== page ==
Louis S. St. Laurent National Historic Site of Canada

A Little History

The Region

The Eastern Townships were populated in waves by successive immigrant movements. As of 1776, the American War of Independence brought the Loyalists into the region. Between 1800 and 1850, thousands of British colonists left Great Britain and settled down in this part of Quebec.

Farm at Compton, 1837 Philip Henry Gosse's farm, Compton, 1837
© National archives of Canada / Watercolor from P.H. Gosse / C-84444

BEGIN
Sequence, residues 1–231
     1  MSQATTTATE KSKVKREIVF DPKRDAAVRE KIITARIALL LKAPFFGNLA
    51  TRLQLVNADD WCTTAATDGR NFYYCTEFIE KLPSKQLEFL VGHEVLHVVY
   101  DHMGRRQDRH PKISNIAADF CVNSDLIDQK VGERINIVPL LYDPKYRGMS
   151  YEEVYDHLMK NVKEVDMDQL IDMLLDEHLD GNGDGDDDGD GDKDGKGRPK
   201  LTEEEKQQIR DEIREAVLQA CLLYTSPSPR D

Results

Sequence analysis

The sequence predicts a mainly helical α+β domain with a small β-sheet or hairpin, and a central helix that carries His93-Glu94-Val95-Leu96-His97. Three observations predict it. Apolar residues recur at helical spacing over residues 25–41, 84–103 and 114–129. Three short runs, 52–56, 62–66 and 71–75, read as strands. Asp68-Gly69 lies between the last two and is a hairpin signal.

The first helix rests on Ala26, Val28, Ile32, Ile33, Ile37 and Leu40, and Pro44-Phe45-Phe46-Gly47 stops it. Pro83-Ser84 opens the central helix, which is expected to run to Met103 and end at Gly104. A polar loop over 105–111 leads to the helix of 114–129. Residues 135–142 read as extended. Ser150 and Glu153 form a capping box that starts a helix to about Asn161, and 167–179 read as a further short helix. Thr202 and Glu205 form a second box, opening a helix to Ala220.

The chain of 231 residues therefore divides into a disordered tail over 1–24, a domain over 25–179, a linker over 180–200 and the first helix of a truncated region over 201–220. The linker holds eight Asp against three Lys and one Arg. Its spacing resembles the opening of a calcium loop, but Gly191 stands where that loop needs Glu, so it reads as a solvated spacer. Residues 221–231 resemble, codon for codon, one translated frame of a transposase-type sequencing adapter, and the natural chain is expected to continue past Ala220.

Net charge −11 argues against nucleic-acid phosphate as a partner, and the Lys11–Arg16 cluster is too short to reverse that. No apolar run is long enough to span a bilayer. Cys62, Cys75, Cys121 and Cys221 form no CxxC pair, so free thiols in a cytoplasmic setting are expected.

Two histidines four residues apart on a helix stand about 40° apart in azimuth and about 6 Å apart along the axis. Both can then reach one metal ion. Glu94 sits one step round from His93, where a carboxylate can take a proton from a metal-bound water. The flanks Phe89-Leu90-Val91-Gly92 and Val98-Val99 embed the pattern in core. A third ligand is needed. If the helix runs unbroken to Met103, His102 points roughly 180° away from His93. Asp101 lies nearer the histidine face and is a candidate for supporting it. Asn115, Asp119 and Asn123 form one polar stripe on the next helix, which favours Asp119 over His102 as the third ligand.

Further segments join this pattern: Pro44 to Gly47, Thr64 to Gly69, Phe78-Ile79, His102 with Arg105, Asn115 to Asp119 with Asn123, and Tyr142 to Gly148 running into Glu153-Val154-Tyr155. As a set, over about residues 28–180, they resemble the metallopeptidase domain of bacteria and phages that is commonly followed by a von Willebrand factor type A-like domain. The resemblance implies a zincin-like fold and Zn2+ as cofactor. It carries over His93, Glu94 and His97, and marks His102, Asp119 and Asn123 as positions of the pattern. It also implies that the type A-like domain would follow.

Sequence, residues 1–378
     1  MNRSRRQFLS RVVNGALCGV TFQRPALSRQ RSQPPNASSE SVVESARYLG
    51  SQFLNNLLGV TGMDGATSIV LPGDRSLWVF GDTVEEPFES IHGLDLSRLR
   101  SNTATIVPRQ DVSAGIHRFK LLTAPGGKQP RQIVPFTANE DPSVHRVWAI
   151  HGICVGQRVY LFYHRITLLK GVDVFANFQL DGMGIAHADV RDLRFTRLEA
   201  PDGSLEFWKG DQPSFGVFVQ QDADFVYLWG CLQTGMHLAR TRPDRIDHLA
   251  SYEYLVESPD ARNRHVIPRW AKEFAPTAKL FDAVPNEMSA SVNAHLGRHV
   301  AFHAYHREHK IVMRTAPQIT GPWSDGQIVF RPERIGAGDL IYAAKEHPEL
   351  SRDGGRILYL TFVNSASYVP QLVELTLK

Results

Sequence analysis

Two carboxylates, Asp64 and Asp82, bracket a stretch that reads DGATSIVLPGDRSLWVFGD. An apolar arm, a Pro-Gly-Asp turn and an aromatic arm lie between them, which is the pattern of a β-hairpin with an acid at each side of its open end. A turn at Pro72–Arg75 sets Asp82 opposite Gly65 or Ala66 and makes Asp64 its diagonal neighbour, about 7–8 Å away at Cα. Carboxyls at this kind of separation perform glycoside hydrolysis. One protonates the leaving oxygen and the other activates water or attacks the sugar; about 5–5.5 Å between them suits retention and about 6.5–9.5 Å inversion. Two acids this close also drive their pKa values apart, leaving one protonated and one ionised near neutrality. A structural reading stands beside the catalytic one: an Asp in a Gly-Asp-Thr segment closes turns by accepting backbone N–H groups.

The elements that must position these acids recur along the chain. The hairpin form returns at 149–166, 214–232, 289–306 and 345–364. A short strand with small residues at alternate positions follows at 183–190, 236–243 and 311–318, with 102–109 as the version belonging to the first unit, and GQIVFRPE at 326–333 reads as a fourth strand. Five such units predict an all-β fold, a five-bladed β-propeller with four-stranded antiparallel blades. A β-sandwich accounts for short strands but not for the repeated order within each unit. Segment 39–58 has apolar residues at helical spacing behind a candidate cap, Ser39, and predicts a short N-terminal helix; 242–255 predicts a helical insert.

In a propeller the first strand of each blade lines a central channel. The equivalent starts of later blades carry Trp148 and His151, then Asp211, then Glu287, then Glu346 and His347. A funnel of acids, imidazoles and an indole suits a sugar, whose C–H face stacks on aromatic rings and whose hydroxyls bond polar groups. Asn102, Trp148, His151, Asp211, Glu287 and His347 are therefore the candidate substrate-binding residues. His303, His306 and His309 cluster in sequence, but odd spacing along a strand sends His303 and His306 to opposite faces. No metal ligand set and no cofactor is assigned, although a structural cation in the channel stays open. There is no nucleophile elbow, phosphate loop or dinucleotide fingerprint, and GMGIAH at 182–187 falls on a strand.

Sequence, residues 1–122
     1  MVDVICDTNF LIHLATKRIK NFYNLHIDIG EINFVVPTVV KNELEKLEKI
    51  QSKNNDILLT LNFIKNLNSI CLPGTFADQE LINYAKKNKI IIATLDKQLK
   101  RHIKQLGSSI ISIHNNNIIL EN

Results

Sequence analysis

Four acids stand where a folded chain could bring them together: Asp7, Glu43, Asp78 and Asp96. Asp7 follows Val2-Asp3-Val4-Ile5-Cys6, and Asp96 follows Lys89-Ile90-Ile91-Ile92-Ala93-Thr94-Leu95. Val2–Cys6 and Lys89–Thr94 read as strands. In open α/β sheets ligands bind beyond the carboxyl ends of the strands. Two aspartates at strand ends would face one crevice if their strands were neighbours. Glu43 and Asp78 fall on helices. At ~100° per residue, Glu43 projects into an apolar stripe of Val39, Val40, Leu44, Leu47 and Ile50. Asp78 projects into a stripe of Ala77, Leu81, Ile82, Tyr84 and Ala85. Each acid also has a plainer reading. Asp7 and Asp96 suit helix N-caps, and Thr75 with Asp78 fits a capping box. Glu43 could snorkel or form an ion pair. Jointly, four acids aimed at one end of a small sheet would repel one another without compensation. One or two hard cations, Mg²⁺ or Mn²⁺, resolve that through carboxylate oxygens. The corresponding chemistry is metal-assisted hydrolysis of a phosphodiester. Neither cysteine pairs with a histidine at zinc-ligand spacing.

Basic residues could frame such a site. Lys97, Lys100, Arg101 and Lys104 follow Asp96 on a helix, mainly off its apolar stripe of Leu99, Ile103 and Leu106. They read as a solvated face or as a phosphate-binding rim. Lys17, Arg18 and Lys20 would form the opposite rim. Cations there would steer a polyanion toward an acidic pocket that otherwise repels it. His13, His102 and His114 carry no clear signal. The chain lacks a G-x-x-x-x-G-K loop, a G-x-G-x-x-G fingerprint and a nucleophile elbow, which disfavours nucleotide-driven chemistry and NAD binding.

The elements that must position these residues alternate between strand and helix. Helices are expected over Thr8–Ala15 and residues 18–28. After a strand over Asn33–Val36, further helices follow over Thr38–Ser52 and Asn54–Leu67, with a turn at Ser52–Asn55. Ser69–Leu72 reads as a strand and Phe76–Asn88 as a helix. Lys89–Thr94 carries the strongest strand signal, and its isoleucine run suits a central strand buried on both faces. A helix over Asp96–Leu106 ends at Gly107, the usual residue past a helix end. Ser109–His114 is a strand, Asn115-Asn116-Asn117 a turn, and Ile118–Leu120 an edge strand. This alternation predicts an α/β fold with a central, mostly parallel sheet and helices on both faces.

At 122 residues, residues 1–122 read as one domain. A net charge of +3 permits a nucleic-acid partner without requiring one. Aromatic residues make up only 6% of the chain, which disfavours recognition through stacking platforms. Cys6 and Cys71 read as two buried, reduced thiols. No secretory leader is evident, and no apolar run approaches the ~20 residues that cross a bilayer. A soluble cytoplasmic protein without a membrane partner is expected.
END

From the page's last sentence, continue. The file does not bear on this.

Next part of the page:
In the second half of the 19th century, overcrowding of arable land along the St. Lawrence River led provincial authorities to set up organizations for the settlement of new populations. Their objective was to open up new land and develop the territory. There was also a migrant movement of French Canadian populations to the Eastern Townships. In fact, by 1871, the population of this area was mainly French-speaking. In the early 20th century, many small villages such as Compton, previously populated by an overwhelming majority of Anglophones, were gradually transformed by the influence of newcomers.